Lessons From a Mac OS Switcher

Over the past few months, I’ve put aside my PC and switched over to a Macintosh full time. I wanted to take a closer look at the viability of the Mac for business use, something more and more users are considering (see “Mac Attack,” page 26). I settled on a MacBook, since I need portability and the MacBook Pro is too heavy to carry on a regular basis. I ran the latest version of Mac OS, 10.4.9, and installed Windows XP with Service Pack 2 under both Parallels Workstation and Apple’s Boot Camp beta. Here’s what I learned along the way.


The MacBook is a fantastic machine. The attention to detail is amazing, from the MagSafe connector, which makes it virtually impossible for anyone to trip over your power cord, to the integrated iSight camera, which makes videoconferencing simple. But though it’s the lightest Mac you can get, at a travel weight of 5.2 lbs., it’s not nearly light enough for me. I have no need on the road for an integrated optical disc and would prefer to leave it behind or to be able to put an extra battery in there. The MacBook also lacks expansion slots, so there are no integrated memory card readers or EV-DO cards (USB ones do work).

Lesson: If there’s a Mac that fits your needs perfectly, you’ll probably love it, but choices are limited, especially for those who want something ultralight.

Line-of-Business Applications

All my corporate Web-based applications worked. Some of them didn’t love Safari, but I was able to fix that by downloading Camino, a Firefox-based browser optimized for Mac OS.

Lesson: Problems are likely to have work-arounds.

Productivity Applications

For the most part, I used the Mac version of Microsoft Office for collaborating with the rest of the organization, and it mostly worked out OK. But a PowerPoint presentation I had spent hours on couldn't be viewed properly on Windows machines. And launching the office applications was slow, since they are not Intel-native and therefore must rely on Apple's Rosetta to run via emulation on the Intel-based MacBook. I preferred using Apple's tools, such as Pages and Keynote, when possible.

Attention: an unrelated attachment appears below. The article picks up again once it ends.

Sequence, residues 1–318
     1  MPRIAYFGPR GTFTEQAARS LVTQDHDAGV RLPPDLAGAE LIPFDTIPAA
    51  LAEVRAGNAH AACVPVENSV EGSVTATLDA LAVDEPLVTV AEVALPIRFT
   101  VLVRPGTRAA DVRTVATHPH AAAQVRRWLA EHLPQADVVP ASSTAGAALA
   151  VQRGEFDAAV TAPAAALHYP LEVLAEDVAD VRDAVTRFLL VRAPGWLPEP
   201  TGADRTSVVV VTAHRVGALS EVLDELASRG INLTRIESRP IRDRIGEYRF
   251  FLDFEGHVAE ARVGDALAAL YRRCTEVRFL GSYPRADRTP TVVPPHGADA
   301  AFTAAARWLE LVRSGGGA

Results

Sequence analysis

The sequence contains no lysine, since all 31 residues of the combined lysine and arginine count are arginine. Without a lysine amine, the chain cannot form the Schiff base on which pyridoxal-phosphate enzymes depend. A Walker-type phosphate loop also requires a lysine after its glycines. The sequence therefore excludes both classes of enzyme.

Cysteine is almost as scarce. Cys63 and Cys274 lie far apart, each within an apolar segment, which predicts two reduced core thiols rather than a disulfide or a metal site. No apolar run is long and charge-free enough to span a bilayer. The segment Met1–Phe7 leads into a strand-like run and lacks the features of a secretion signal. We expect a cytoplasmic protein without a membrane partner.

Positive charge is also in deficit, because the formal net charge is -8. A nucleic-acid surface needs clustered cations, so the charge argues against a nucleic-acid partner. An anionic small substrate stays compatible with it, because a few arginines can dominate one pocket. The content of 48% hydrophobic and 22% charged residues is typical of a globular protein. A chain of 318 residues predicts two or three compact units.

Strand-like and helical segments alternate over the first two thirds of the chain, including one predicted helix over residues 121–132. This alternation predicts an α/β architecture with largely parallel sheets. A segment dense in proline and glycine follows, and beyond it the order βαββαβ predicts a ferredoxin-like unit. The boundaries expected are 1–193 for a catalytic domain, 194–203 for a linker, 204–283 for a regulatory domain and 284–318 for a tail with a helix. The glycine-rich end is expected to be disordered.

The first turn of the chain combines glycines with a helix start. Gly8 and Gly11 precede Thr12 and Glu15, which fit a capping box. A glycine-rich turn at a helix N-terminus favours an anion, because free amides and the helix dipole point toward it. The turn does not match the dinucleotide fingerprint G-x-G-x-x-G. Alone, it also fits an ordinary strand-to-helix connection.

Lesson: Compatibility isn’t a problem until you get into more complex documents. (As expected, graphic arts applications, particularly the Adobe Creative Suite, ran flawlessly.)

Exchange Synchronization

This was a big one for me. Microsoft’s Entourage application just didn’t work well on the Mac. Calendar times didn’t sync up, and appointments were often (but not always) a day off. OS X’s native mail application worked fine with Exchange, and there are two Mac applications that handle calendar and syncing with the Exchange global address list. But both of them have limitations that make them hard to recommend.

Lesson: If you rely on Exchange, especially for calendar sync, you’re going to be best served using Parallels Work­station or Boot Camp to run Outlook directly under Windows.

Bottom line: The Mac of today is not the Mac of old. The benefits outweigh the hassles. The ability to run Windows seamlessly via dual booting using Boot Camp or virtually with Parallels Workstation means Windows applications are only a click away.

Read more about switching from PCs to Macs:

Michael Gartenberg is vice president and research director for the personal technology and access and custom research groups at JupiterResearch in New York. Contact him at mgartenberg@optonline.net. His weblog and RSS feed are at http://weblogs.jupiterresearch.com/analysts/gartenberg.

Copyright © 2007 IDG Communications, Inc.

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